The song not only features George Harrison playing an impromptu slide guitar “duet” (actually an in-studio overdub; the two never played live simultaneously on the track) with Pete Ham that has become one of the most recognizable riffs of the “classic rock” era, but also some incredibly tasteful and precise drumming from Gibbins and the huge, flowing backing vocals that were a key component of the Beatles comparisons.  Maybe it’s not your style, and that’s fine, but for me…boy, I’d give about anything to have ever written just one song this good.  (Note:  Many BF tracks were re-recorded decades later with Joey Molland on vocals.  These are immediately recognizable as Ham’s rich, throaty, deep vocal is replaced with higher and more nasal voice.  Unfortunately, because of Apple Corps, Ltd’s ineptitude in managing their back catalog while simultaneously trying to profit from it, the re-recorded versions are currently the only available by legal digital download through services like Spotify.) And the thing is, it wasn’t just this song.  Unbeknownst to probably anyone whose exposure to the song from the Harry Nilsson hit of 1971, the Mariah Carey 1994 hit, or – like mine – the Air Supply version that was hugely popular around 1980 or 81, this is also the band who wrote and recorded what is almost certainly one of the most-covered songs least associated with its original artist ever, once described by Paul McCartney as “the killer song of all time”:  Without You.  Yes, that “Without You.”  The “Ken Lee” song that some girl in Asia slaughtered to much hilarity in a viral YouTube video a few years back.

In true rock cliché style, a series of challenges including interpersonal bickering and gross misappropriation of funds by the band’s “soulless bastard” manager Stan Polley led to internal squabbling that saw Gibbins leave the band briefly in 1974, and the following year singer and guitarist Pete Ham, three days before his 28th birthday (the unsung member of the “27 club” for you musical numerologists) and sporting a blood alcohol level of nearly .3%, killed himself by hanging.  He left behind a girlfriend who was eight months pregnant; his daughter was born a month after his death. Badfinger enjoyed a string of hits in 1970-71 that helped bring back melodicism and upbeat pop to rock music, cited as an influence on later bands including Alex Chilton’s Big Star.  In one of those hits often actually mistaken for a Beatles song, you can really hear why they were so often compared to that band.  This is No Matter What.

Ham’s suicide in 1975 was, unfortunately, not the end of the band’s tragedy.  The band broke up and reformed in various incarnations after Ham’s suicide – including one incarnation that had Tony Kaye from Yes and Peter Clarke from Stealers Wheel on keyboards and drums, and a period in which two different bands, one led by guitarist Tom Evans and the other by singer/drummer Joey Molland (who was not part of the original band) toured more or less simultaneously under the Badfinger moniker.  On November 18, 1983, Evans and Molland had a heated telephone argument that some sources say was chiefly concerned with the royalties from “Without You.”  Evans, who had been plagued with depression since Ham’s 1975 death and once told his wife “I want to be where Pete is,” hung himself late that night or early the next morning.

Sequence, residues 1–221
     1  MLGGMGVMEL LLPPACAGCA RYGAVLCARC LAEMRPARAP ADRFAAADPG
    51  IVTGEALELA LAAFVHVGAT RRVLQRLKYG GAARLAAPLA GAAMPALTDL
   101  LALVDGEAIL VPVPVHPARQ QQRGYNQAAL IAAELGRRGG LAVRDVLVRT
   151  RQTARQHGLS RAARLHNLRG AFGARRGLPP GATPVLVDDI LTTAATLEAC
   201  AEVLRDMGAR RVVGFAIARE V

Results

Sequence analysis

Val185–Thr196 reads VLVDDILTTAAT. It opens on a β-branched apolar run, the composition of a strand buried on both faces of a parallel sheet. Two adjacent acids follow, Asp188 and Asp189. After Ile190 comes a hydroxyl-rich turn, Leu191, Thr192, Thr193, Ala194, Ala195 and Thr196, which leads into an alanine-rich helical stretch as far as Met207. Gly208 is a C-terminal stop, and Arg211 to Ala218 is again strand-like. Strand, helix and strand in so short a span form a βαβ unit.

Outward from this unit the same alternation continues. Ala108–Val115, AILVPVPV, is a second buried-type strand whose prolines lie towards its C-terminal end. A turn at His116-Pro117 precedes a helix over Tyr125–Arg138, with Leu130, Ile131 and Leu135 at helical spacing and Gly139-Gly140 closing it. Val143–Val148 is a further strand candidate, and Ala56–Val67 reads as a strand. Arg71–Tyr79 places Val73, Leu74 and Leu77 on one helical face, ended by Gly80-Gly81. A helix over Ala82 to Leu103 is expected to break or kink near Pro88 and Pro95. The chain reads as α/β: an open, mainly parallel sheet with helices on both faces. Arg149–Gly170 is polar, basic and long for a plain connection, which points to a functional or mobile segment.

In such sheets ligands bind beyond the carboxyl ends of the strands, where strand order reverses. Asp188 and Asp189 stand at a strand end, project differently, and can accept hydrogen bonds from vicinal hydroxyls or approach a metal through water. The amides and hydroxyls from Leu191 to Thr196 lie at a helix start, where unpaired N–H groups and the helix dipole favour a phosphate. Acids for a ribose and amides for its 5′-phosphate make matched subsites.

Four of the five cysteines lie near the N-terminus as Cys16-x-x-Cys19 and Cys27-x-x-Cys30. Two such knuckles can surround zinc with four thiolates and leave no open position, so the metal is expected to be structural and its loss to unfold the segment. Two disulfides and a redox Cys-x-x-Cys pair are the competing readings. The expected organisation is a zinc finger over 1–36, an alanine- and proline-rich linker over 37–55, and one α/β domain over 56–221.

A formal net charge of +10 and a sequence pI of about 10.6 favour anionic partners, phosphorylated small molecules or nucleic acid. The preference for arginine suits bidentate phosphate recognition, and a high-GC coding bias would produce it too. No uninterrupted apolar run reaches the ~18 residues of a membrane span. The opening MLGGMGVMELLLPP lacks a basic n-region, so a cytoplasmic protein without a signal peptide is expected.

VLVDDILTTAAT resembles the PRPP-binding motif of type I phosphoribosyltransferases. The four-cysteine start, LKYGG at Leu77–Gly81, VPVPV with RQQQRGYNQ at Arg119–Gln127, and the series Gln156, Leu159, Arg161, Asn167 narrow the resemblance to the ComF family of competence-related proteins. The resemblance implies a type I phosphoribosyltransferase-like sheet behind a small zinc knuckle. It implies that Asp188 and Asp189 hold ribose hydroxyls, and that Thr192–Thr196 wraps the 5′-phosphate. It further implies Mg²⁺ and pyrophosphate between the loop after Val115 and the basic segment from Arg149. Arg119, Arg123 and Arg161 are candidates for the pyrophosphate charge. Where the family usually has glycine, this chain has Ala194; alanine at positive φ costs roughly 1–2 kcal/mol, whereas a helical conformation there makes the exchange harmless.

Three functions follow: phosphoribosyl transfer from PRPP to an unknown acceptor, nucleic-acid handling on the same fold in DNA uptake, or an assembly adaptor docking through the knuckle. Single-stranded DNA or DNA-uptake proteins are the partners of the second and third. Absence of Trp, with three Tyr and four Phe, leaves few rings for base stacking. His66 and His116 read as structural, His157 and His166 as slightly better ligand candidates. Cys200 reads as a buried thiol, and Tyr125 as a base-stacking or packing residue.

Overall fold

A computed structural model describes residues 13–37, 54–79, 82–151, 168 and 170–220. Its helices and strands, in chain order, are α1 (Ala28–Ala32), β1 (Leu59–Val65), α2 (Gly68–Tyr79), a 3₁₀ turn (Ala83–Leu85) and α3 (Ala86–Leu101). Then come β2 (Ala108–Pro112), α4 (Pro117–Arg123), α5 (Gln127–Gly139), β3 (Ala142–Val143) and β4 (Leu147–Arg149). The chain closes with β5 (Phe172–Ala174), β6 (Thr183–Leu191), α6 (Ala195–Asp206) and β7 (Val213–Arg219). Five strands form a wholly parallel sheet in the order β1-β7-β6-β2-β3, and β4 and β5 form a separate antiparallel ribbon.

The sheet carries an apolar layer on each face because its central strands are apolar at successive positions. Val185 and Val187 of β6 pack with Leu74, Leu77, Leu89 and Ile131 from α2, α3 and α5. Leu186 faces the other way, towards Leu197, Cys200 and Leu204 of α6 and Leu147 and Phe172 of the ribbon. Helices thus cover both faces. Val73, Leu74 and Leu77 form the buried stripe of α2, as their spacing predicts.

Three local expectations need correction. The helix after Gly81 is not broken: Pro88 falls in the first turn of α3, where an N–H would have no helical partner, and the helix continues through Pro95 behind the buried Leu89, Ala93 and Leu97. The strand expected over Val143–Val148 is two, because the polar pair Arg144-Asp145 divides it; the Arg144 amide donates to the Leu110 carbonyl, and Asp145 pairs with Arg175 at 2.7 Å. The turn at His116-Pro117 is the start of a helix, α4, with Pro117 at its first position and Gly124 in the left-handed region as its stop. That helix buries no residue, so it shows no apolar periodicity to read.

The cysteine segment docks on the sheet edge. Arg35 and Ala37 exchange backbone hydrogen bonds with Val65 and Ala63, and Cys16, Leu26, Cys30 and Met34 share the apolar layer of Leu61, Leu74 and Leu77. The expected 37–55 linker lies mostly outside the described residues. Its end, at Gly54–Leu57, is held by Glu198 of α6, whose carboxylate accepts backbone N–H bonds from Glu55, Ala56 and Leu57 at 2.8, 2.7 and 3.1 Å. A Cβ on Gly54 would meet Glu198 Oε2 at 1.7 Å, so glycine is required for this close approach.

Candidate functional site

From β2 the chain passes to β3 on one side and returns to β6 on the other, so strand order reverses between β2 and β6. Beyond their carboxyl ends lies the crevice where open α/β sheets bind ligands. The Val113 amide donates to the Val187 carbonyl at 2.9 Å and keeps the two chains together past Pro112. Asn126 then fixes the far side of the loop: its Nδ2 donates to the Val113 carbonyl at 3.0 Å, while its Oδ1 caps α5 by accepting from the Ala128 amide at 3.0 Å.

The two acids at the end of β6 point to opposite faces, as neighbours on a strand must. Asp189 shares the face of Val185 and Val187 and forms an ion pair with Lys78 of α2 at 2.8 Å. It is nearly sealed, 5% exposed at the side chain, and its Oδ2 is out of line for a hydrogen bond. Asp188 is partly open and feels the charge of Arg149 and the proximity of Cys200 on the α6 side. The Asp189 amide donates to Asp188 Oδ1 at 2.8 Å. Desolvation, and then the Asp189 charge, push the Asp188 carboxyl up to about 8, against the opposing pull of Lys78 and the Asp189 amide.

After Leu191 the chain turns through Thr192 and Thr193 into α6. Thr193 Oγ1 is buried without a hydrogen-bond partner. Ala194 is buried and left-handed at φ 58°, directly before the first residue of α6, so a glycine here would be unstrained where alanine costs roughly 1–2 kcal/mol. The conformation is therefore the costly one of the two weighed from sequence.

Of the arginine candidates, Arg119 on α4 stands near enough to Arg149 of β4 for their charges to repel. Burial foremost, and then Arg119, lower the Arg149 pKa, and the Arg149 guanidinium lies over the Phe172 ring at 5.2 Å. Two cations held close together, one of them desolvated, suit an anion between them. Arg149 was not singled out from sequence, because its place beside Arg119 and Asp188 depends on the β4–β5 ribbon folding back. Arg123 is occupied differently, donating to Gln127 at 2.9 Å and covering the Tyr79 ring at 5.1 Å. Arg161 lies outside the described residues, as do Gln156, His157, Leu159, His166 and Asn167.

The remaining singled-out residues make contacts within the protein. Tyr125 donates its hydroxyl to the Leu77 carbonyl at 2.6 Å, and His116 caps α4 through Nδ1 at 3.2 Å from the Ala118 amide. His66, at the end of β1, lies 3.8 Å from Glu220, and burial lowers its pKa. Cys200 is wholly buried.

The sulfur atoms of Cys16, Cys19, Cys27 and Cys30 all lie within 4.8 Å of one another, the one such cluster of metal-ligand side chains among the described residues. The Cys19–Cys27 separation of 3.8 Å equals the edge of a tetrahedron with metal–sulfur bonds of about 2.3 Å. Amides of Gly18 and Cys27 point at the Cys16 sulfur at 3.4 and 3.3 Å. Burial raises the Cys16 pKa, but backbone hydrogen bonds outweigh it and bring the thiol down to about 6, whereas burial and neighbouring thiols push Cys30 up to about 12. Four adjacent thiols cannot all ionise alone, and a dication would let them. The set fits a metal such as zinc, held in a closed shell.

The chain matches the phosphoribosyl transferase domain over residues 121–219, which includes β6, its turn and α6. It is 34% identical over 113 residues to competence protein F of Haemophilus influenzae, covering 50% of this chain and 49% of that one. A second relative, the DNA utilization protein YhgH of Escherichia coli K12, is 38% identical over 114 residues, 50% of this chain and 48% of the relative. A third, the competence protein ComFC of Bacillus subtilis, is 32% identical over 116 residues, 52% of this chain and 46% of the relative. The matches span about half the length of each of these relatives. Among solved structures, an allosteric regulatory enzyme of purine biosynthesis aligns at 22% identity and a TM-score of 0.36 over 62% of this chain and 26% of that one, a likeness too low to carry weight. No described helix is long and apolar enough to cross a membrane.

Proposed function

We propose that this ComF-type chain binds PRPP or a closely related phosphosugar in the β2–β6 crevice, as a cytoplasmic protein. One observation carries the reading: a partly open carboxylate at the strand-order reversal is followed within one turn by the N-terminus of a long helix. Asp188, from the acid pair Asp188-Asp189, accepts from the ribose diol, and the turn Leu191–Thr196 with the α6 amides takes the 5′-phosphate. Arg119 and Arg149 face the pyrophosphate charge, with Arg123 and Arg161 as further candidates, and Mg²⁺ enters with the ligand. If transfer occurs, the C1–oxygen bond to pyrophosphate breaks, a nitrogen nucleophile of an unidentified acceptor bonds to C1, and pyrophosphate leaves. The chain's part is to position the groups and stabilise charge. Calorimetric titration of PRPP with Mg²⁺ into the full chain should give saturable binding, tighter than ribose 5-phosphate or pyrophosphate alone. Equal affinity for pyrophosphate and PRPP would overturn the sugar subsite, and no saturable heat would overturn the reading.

The tragedy of this group of artists cannot be overstated.  From their early days as The Iveys when they first attracted the attention of the Kinks’ Ray Davies (who produced a 4-track demo for them prior to their being noticed by Beatles’ road manager Mal Evans and signed to Apple) to their own robust and influential, if short-lived, body of work under the Badfinger banner, and various guest appearances by members including tracks, albums, and performances by George Harrison (the “All Things Must Pass” and The Concert for Bangladesh), John Lennon (the “Imagine” album; some sources say their tracks weren’t used), and Evans and Ham contributing background vocals to Ringo Starr’s hit single “It Don’t Come Easy,” as well as touching various parts of musical history spanning three decades (starting with Davies’ early involvement and extending even to such odd trivia as Gibbons’ session work on Bonnie Tyler’s breakout hit “It’s A Heartache,” or the sale of their two-room rehearsal space by their manager Bill Collins for use by another manager, Malcom McLaren for use by his new act, a little group of ne’er-do-wells called “The Sex Pistols”), Badfinger’s influence and impact both large and small across the music industry is huge, obscure, wide-ranging, and mostly forgotten in the traffic and noise of music history.

Certainly the attention brought to the acts who have covered “Without You,” by itself, is a greater contribution than many bands or artists have ever been able to make. However, in many decades when the rise and fall of twentieth-century rock is written with a detached pen, it will be this story along with other tales of perfidy for money by people like Saul Zantz (who screwed Creedence Clearwater Revival so hard that John Fogerty got sued for performing songs he had written and recorded) and others that tells the real truth behind what may eventually prove to have killed rock and roll:  not mp3’s and file-sharing, but the gluttonous, greedy, and mutinous mismanagement of talented human beings by greedy, avaricious managers who weren’t even smart enough to avoid cooking the goose that laid their golden eggs.

Pete Ham – writer of a song that has been recorded by nearly two hundred different artists and sold over twenty million copies – killed himself believing that he was destitute.  Further arguments over that same money ended up costing his bandmate Tom Evans his life as well, and the surviving band members lived and continue to live the rest of their lives under the weight of that loss.  Perhaps the breaking of the record company & manager business model in music by the rise of independent distribution enabled by the digital age will prove a blessing in disguise.

Addendum, 08-Aug-2014:  BF enjoyed a brief renaissance when their fourth major hit, “Baby Blue,” was used as the fade-out track for the last scene of the last show of the last season of the popular US television drama “Breaking Bad.”